How DIT’s “Iomha ’08″ photo contest can hijack your rights

So, you’re all fired up and ready to enter a new photography content? Dublin Institute of Technology are holding a worthwhile photo content in the run up to Seachtain na Gaeilge this year. They are “seeking photographic entries on the theme of An Ghaeilge Bheo – Irish: The Living Language from both Ireland and abroad”. There’s a first prize of €1,500 which is not to be sniffed at!

Unfortunately if you enter, you’re giving up some of your rights as a photographer. From the rules:

14. Entrants will retain copyright in their submitted entries. However, by entering the competition all entrants grant the competition organisers a non-exclusive, worldwide, royalty-free, perpetual licence to use and publish each entry in any and all media (including print and online), for exhibition, publicity and any other purposes which the competition organisers in their sole discretion deem appropriate. DIT reserves the right to use the entries in the promotion and publicity campaign for the competition including exhibition and publishing of the images. All entries and entrants’ details will be securely stored.

What does that mean for you? Let’s say you have some beautiful shots of the West of Ireland, in an area where Irish is spoken. Like many people you’d like to make a bit of money out of your hobby. Who will buy your image? Tourists might, but competition is fierce and it’s hard to get the shelf space for your art work. What about Government bodies? Maybe one of those departments advocating the Irish language will buy it?
Good luck if you’ve entered that image in this competition. You’ve just handed DIT, Foras na Gaeilge, Oideas Gael and who knows who else the right to use your image in whatever way they like. You never know. Check the DIT Prospectus next year. Instead of paying money for a professional photographer they will have a ready made library of free photos to use, forever.

OK, before you scream, “Nutter! They wouldn’t do that!” I agree, they probably won’t, but DIT aren’t the only ones to do this. National Geographic have a Your Shot page every month where they invite photographers to submit their best images. Guess what’s buried in the tems and conditions of that contest? They’re not the only well known brand to do it.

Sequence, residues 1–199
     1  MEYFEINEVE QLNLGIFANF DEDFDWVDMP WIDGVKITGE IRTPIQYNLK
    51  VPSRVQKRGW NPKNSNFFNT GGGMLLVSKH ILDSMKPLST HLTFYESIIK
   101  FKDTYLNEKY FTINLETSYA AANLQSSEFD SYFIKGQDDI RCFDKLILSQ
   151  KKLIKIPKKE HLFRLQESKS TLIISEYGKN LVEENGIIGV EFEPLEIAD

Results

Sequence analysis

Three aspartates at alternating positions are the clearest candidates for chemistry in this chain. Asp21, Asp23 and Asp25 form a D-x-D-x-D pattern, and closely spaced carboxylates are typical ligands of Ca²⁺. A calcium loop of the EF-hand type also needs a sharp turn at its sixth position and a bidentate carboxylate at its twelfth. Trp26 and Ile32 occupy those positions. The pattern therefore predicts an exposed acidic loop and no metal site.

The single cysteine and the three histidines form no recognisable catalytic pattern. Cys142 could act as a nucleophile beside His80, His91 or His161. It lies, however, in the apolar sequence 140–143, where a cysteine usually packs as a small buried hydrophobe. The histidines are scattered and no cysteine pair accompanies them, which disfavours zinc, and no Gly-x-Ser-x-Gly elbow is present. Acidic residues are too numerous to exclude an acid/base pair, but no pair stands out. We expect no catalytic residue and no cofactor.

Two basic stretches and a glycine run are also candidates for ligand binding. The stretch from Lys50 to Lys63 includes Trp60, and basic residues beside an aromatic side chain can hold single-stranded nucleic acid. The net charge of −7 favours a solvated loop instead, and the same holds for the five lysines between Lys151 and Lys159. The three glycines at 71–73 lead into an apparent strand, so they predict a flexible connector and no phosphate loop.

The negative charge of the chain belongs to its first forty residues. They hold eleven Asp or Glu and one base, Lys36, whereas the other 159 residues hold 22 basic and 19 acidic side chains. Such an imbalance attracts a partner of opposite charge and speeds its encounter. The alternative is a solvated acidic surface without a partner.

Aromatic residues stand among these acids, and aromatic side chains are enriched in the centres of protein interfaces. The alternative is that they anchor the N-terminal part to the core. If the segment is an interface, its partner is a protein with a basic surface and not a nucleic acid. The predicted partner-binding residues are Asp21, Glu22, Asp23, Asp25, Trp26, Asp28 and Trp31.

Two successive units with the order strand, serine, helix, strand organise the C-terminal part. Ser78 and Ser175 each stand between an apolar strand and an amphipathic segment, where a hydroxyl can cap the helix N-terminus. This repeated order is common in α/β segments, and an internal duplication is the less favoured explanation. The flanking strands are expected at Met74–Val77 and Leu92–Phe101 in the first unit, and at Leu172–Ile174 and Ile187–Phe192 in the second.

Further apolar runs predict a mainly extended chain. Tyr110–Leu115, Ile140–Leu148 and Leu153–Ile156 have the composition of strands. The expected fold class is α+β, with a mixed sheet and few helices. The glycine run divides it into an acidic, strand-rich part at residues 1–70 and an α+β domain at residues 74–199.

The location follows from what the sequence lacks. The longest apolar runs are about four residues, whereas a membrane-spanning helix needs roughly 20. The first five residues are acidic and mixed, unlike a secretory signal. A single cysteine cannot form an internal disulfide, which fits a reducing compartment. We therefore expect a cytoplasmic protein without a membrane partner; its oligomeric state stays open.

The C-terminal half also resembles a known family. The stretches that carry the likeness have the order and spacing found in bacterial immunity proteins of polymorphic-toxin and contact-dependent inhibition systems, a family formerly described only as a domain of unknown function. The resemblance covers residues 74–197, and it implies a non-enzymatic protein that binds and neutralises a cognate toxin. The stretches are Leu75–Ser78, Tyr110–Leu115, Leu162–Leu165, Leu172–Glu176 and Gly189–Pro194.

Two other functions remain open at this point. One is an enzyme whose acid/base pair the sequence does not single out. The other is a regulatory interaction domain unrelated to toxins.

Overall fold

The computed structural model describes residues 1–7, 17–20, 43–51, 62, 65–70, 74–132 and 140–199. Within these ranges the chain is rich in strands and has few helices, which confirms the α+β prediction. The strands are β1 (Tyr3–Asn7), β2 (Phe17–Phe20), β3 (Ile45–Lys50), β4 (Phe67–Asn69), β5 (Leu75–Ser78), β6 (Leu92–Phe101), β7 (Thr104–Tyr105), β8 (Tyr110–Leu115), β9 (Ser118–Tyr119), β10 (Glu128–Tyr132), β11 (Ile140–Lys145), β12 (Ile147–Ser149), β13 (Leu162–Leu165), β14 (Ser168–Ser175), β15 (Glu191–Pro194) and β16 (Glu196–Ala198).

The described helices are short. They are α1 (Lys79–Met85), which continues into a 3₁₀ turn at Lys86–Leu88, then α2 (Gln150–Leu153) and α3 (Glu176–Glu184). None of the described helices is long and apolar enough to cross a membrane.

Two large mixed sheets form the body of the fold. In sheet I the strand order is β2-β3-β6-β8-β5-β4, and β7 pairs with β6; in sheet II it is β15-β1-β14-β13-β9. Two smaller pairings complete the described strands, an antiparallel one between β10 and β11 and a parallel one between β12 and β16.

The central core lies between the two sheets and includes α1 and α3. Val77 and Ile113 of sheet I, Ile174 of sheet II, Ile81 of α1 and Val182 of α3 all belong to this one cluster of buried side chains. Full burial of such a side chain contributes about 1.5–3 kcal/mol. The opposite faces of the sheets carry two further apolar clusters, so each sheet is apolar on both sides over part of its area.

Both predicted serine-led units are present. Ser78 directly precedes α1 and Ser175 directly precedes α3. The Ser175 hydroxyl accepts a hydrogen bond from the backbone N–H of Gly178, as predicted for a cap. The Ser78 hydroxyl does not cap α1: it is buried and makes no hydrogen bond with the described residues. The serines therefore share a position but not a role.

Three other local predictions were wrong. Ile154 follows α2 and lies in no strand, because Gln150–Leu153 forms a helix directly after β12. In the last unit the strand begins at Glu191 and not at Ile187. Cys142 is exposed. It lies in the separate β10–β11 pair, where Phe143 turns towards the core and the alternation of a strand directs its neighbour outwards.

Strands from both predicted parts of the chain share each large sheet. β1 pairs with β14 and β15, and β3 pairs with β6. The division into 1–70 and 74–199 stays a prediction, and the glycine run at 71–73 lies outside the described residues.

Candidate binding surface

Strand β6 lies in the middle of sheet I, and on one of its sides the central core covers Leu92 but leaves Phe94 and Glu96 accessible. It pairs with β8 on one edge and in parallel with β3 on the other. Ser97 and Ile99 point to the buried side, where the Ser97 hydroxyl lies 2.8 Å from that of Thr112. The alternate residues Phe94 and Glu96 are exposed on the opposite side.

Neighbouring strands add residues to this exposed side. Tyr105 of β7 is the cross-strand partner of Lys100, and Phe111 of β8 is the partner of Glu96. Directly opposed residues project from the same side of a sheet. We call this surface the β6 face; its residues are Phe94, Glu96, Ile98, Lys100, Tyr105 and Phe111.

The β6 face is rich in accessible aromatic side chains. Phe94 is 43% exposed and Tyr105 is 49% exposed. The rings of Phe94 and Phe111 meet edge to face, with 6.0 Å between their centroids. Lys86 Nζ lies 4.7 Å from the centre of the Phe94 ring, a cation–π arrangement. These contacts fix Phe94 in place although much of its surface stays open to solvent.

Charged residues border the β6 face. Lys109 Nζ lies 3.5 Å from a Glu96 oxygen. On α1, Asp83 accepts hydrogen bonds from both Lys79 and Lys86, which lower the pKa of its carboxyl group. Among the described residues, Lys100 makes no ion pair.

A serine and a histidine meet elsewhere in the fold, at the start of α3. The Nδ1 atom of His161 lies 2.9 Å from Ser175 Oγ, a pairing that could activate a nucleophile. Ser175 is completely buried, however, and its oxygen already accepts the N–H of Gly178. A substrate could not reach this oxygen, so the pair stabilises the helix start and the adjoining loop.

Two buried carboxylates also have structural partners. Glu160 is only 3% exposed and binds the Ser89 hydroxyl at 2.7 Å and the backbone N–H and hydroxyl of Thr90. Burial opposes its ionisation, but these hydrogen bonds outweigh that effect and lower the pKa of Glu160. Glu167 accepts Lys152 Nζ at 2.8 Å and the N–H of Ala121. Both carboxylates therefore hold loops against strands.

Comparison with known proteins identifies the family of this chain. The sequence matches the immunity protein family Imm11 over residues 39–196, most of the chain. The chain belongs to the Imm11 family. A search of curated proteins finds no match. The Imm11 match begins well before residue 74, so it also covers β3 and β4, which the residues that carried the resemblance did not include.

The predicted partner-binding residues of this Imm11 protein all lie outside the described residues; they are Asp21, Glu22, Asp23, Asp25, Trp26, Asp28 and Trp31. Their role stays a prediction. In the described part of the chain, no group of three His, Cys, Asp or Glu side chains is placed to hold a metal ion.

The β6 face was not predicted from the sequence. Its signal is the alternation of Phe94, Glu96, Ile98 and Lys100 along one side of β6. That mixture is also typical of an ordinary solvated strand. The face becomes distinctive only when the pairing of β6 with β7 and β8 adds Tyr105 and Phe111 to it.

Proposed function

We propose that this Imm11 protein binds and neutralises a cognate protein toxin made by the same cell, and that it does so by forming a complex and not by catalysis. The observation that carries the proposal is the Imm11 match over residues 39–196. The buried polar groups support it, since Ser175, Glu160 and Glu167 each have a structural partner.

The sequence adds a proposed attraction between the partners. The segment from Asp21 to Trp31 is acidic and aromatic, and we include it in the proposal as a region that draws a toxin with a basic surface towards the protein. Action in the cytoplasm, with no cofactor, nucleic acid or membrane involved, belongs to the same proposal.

Jim reminded me that even Facebook have some dodgy wording in their terms and conditions. How would you like that drunken picture of you singing and laughing at a bar with beer bottle in hand to appear in a Facebook advert? It could happen ..

Many photography contests have similar terms and conditions. Before submitting a photo, read the small print. Even if you never want to sell an image, it won’t be nice to discover a treasured photo used in an inappropriate way.


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4 Comments

  1. Gamma Goblin Reply

    “all entrants grant the competition organisers a non-exclusive, worldwide, royalty-free, perpetual licence to use and publish each entry in any and all media (including print and online), for exhibition, publicity and any other purposes which the competition organisers in their sole discretion deem appropriate”

    Don’t worry though… “Entrants will retain copyright” … whatever that means.

    http://gammagoblin.blogspot.com

  2. Donncha Reply

    Yes, in terms of what they can do with your photo it means nothing that the photographer retains copyright of their own photo. The “any other purposes” bit really irks me. I wouldn’t mind if a photo was used directly in relation to the competition but they’re given a free hand to do what they like with them with that clause.

    http://inphotos.org/

  3. ryan Reply

    Photo harvesting projects make baby Jesus cry!

    http://blog.rymus.net

  4. AJ Reply

    This has been a long established pratice within Ireland and the UK for photo competitions. However normally it is a tad more restricted than this one. This one is quite precise s to what rights they want, and what you are giving up on.

    Another such abuse, is the colleges. All work done by graphic students (when I was in college in 99/2000) remained the copyright of the college. This was noticed when a student whom took part in a project to design branded paper products for a national car testing organization. When the national car testing org came into being, their headed papers etc all struck a remarkable resemblance to this students work… When the students investigated their rights, they discovered that the college could do what they like.

    In short, be careful where you place stuff, I even have some problems with services like Flickr, but then again, sometimes I just don’t care about the service provider.

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